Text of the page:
Get Vaccines to Prevent Measles

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In January 2015, CDC issued a health advisory to notify public health departments and healthcare facilities about a multi-state outbreak of measles. The outbreak started at Disneyland in Dec., 2014. During that entire year, the CDC reported a record number of measles in the U.S. with 644 cases from 27 states. This is the greatest number of cases since measles was eliminated in the U.S. in 2000.

Why the rise in measles?


•  The majority of the people who got measles did not receive vaccines.

•  Measles is still common in many parts of the world including some countries in Europe, Asia, the Pacific, and Africa.

•  Travelers with measles continue to bring the disease into the U.S.

Measles is a highly contagious respiratory disease caused by a virus. Coughs and sneezes spread the virus through the air. Measles starts with a fever, runny nose, cough, red eyes, and sore throat. A rash that spreads all over the body follows. About three out of 10 people who get measles will develop one or more serious problems including pneumonia, ear infections, or diarrhea. These problems are more common in adults and young children.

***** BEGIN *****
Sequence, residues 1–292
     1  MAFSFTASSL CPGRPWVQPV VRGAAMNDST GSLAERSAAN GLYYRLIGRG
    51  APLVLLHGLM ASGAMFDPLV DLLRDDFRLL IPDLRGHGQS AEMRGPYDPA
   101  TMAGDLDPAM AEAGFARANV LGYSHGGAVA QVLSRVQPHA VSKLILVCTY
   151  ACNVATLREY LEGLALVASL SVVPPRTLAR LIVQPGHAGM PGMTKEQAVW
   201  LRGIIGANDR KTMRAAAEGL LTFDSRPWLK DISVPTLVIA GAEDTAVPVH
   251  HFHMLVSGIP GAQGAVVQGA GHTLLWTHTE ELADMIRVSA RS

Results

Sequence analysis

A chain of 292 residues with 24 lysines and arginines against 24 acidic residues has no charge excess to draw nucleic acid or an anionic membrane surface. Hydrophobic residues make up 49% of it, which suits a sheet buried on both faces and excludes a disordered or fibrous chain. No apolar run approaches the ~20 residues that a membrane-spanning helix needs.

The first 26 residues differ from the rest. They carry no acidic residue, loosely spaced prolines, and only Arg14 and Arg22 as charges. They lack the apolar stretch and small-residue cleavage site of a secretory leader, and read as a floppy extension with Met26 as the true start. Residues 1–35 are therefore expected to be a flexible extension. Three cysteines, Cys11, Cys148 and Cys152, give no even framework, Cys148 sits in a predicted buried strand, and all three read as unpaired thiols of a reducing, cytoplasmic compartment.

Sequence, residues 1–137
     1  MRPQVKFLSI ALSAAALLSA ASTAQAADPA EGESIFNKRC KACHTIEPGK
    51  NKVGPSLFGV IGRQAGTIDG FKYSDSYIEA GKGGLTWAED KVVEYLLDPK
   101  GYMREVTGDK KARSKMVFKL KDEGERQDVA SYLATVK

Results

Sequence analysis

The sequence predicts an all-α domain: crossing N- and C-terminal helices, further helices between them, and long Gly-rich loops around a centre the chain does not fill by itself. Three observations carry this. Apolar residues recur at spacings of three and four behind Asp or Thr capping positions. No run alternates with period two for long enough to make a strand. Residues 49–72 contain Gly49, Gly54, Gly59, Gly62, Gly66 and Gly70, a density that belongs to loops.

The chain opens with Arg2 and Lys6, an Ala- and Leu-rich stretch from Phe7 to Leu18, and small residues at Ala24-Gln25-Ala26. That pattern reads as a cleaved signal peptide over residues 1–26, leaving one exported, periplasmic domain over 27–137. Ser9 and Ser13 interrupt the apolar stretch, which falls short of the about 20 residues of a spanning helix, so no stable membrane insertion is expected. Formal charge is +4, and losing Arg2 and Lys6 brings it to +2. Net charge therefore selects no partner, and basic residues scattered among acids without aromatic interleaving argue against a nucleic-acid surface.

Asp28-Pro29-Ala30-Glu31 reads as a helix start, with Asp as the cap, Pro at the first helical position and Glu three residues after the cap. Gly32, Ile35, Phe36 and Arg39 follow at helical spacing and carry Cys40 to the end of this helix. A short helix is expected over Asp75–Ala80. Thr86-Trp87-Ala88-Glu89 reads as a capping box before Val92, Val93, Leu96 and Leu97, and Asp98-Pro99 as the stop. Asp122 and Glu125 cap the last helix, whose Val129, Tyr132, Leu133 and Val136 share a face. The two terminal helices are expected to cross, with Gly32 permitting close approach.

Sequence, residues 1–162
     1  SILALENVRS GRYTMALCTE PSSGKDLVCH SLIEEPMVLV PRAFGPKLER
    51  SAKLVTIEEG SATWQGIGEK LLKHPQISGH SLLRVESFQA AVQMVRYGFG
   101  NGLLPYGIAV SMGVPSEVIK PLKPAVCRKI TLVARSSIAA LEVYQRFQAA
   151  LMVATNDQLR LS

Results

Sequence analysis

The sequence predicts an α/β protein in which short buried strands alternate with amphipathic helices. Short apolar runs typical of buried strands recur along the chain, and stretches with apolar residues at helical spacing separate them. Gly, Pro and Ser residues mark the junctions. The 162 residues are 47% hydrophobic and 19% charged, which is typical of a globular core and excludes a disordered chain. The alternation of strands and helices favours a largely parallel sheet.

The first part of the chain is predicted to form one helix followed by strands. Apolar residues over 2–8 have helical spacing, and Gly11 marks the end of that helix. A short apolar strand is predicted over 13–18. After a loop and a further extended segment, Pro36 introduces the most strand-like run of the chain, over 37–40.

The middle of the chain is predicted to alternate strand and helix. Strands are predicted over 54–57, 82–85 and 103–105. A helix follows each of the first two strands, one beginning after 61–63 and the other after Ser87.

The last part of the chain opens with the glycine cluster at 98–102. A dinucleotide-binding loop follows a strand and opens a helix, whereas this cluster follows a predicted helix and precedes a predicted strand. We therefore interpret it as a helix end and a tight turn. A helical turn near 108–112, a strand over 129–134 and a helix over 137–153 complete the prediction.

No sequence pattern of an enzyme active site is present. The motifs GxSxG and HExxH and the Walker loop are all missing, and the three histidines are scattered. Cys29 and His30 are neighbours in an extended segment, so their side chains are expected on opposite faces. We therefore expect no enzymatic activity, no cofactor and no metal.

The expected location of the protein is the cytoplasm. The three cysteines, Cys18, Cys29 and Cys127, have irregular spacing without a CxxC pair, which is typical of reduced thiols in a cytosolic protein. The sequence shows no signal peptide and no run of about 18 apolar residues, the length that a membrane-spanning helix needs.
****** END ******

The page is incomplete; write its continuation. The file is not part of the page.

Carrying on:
Guidelines for measles vaccines

Children should get 2 doses of measles, mumps, and rubella (MMR) vaccine:

•  First Dose: 12-15 months of age. Some infants younger than 12 months should get a dose of MMR if they are traveling out of the country.

•  Second Dose: 4-6 years of age

•  If not given at these times, a two-dose series is needed for all school-age children and adolescents.

Adults born after 1956 should get at least one dose of MMR vaccine, unless they can show that they have either been vaccinated or had all three diseases.

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